For 9 years, the official website of Democrat Senators, included a statement by Harry Reid stating “a convicted felon is not going to be able to serve in the United States Senate.”
But now as jurors deliberate on the Bob Menendez bribery trial, that statement has been conspicuously deleted.
The apparent cover-up was discovered by the America Rising PAC.
As reported by Lifezette
A statement from former Senate Democratic leader Harry Reid insisting that “a convicted felon is not going to be able to serve in the United States Senate” has suddenly disappeared from the website of the Senate Democrats as jurors deliberate in the federal corruption trial of Sen. Bob Menendez (D-N.J.).
On Nov. 1, 2008, Reid issued the statement after Sen. Ted Stevens (R-Alaska) was convicted on corruption charges. The verdict came down just before his 2008 re-election bid — which he narrowly lost. Pointing to Stevens’ conviction, Reid wrote that “the reality is that a convicted felon is not going to be able to serve in the United States Senate.”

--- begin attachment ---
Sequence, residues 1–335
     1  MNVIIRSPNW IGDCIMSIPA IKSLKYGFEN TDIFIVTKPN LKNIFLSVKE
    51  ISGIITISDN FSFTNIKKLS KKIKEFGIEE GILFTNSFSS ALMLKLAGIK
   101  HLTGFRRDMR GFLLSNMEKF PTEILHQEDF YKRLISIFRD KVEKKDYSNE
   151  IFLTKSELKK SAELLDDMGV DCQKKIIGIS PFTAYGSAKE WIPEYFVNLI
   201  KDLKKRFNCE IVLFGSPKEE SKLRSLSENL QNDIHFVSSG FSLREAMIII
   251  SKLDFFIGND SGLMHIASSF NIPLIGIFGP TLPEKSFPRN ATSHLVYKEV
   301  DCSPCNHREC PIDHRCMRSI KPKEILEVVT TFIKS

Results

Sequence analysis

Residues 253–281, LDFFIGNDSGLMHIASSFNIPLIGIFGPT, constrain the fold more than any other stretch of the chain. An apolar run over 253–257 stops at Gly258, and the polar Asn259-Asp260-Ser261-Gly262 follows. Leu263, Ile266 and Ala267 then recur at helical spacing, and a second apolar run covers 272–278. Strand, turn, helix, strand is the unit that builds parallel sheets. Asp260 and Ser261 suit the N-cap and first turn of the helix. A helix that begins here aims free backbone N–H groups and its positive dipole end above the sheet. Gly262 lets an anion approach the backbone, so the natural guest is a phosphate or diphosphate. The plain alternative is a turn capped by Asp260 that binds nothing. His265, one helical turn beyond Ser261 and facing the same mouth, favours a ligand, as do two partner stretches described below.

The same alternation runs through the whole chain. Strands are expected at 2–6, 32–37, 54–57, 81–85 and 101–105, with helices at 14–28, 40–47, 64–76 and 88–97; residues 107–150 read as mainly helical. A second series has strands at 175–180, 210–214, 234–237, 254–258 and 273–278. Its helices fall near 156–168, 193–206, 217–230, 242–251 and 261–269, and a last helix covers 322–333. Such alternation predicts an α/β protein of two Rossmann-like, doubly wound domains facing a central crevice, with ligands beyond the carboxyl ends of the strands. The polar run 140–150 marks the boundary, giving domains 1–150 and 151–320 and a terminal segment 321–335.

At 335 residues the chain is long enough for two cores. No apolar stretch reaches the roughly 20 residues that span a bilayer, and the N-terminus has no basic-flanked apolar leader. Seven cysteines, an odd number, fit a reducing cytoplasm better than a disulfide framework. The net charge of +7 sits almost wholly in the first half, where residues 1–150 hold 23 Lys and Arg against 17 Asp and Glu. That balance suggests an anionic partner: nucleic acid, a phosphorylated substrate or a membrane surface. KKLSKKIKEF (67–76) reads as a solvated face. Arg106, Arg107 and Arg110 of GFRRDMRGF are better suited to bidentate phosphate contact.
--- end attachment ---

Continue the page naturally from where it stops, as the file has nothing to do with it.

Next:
Reid added that Stevens’ decision to break the law with “partisan political gain” in mind should not be viewed as a “a partisan issue.”
This statement, however, appeared to be removed recently from the Senate Democrats’ webpage after residing there for roughly nine years, America Rising PAC press secretary Scott Sloofman highlighted in a press release Tuesday.
“For over nine years, Democrats.Senate.Gov has hosted then-Senate Majority Leader Harry Reid’s Nov. 1, 2008, statement calling on the just-convicted Sen. Ted Stevens to resign,” Sloofman noted. “Yet, now that jury deliberations in Sen. Menendez’s trial have started, this is the page you get when you go to:”
The statement’s webpage link now only leads to a page stating, “This link is extinct! We’re working on it.”
“Unfortunately for Senate Democrats, the internet is forever,” Sloofman said.
On Monday, 12 jurors began their deliberations. Menendez was indicted on 18 counts of corruption-related charges, including accepting hundreds of thousands of dollars in political contributions and perks from his close friend, Dr. Salomon Melgen, an ophthalmologist in West Palm Beach, Florida. Prosecutors alleged that in exchange for money and favors, Menendez wielded his political influence to help Melgen resolve business disputes with the federal government and secure visas for his girlfriends.
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